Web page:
At the gateway to Calgary’s Heritage Park are two locomotives. One is from the celebrated Selkirk class, a mountain conquering steam and smoke belching monster. At the time, her and her sisters were the biggest such engines on the CPR system and this example was one of the last steam locomotives made for that company. The other locomotive, and the subject of this report, is CPR Alco S2 switcher 7019, a workaday diesel engine that often toiled in obscurity, roaming yards and industrial tracks. It represents one the CPR’s earliest such purchases of this type and at the time it was built, was looked upon as somewhat experimental.
The success of this locomotive and her sisters would open up the floodgates for further diesel orders, with steam being eliminated from the CPR system by 1960.
The locomotive seen here is an Alco (American Locomotive Company Schenectady NY) model S2, a rugged and basic switcher. This design was offered from 1940 to 1950 with this example being built in September 1944. At this date the railways had a handful of diesels, so this makes it a very early example – the CPR’s earliest S2 models dated from 1943 with the out-shopping of 7010-7014 – 7019 was from the second order (7015-7024).
These early diesels were made of riveted steel, much like the steam engines they’d replace. Only in the 1950s would Alco switch to using modern welds. This engine is painted in an early version of the CPR’s Tuscan red and black scheme as used on steam engines. At late in the engine’s service life it was repainted in the CPR’s modern (post late 1960s) “Action Red” scheme with the “Pac-Man” logo – so named for its close appearance to the video game character. This engine, at the time it was built, was classed DES-3b.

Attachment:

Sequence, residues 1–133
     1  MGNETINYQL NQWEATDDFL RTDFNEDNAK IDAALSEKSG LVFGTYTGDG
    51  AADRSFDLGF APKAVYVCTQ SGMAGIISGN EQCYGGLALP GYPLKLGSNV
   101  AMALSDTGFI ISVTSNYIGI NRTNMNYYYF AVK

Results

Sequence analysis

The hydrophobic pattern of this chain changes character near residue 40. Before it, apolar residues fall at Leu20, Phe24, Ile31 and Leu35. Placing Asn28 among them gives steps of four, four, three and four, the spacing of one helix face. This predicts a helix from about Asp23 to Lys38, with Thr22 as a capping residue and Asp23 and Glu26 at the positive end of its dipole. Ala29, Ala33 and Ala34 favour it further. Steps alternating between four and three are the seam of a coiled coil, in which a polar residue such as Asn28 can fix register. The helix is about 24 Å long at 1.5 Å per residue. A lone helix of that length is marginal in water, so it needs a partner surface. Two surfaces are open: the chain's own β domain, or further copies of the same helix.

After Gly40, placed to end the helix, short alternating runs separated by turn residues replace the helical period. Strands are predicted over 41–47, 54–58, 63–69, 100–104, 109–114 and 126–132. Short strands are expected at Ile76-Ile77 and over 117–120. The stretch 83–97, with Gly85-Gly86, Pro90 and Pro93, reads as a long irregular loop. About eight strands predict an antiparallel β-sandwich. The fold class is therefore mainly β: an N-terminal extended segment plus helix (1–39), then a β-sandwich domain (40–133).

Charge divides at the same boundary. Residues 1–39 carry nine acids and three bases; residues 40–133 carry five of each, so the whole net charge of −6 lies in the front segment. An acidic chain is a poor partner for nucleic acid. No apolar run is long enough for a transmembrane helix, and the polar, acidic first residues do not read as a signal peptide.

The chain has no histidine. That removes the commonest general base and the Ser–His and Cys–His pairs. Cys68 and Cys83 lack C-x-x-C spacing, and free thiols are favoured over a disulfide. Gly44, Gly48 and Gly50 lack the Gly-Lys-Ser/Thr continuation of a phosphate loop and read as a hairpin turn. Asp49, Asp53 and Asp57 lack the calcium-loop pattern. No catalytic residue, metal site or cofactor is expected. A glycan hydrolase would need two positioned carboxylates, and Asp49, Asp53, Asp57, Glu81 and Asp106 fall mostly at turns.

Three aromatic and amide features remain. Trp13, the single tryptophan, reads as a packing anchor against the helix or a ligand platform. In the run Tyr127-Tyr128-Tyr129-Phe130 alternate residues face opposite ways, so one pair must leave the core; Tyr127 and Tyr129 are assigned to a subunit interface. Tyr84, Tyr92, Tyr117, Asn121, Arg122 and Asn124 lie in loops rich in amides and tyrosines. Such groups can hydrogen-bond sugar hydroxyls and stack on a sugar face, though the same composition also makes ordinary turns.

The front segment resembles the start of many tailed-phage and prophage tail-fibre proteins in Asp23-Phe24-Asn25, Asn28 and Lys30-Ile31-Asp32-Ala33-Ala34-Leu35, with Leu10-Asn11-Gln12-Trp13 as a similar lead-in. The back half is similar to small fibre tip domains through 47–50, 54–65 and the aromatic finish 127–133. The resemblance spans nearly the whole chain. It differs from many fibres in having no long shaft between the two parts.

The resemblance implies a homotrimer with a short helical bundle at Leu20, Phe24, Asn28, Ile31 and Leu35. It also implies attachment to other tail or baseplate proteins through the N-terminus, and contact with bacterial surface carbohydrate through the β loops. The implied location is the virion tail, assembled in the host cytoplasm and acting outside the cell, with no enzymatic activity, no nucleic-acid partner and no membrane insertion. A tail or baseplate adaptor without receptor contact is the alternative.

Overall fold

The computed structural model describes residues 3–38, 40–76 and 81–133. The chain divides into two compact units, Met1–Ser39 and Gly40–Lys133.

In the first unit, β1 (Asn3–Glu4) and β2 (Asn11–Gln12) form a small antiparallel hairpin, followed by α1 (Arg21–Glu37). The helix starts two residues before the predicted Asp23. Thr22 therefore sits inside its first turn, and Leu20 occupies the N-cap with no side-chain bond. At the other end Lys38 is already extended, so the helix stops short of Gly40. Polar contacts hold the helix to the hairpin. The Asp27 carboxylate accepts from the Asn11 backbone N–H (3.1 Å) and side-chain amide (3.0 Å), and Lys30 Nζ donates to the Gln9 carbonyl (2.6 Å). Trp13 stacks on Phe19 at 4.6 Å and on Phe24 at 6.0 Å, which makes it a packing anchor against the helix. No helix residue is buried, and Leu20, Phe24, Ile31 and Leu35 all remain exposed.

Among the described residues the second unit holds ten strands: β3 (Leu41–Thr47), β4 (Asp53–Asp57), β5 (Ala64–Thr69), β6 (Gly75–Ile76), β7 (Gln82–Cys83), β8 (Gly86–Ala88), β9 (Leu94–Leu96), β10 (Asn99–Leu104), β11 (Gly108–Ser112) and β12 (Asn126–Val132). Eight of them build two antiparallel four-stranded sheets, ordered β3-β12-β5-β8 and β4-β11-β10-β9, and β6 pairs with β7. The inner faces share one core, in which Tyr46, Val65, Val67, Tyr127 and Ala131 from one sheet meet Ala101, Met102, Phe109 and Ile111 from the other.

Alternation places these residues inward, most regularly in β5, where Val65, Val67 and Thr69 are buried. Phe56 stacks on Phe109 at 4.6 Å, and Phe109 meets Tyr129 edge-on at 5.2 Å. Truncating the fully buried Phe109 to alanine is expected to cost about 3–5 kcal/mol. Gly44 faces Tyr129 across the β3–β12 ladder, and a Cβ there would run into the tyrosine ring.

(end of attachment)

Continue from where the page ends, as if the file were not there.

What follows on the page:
Interestingly, these engines were more expensive to purchase than an equivalent steam locomotive, but their reliability and efficiency more than made up for that.
Like all Alco diesels, this model used GE electrical gear – traction motors and generators for example – all which were well regarded for their ruggedness and reliability. These two companies worked closely for a time before parting ways in the 1950s. GE, who also made locomotives, mostly small industrial ones, continued to supply electrical parts to Alco afterwards, but they ceased to otherwise cooperate together.
Later GE would expand their sales efforts, entering the larger road locomotive market that was Alco’s bread and butter and would eventfully drive the former out of business in 1969. Today GE is the dominate locomotive supplier for US and Canadian railways (and those elsewhere in the world).
Interestingly, Alco had a Canadian subsidiary, the Montreal Locomotive Works (MLW) who did not start diesel production until 1948. In 1944 the technology was still too new and the orders here in Canada small, so in the interim they continued to build steam engines for Canadian and foreign railways, content to let the parent company supply those few diesel orders that came in. MLW would give up building steam by the late 1940s when it was clear that diesels would supplant steam. MLW outlasted it’s parent company constructing locomotives until the mid 1980s. During WW2, they also built tanks and other war machines.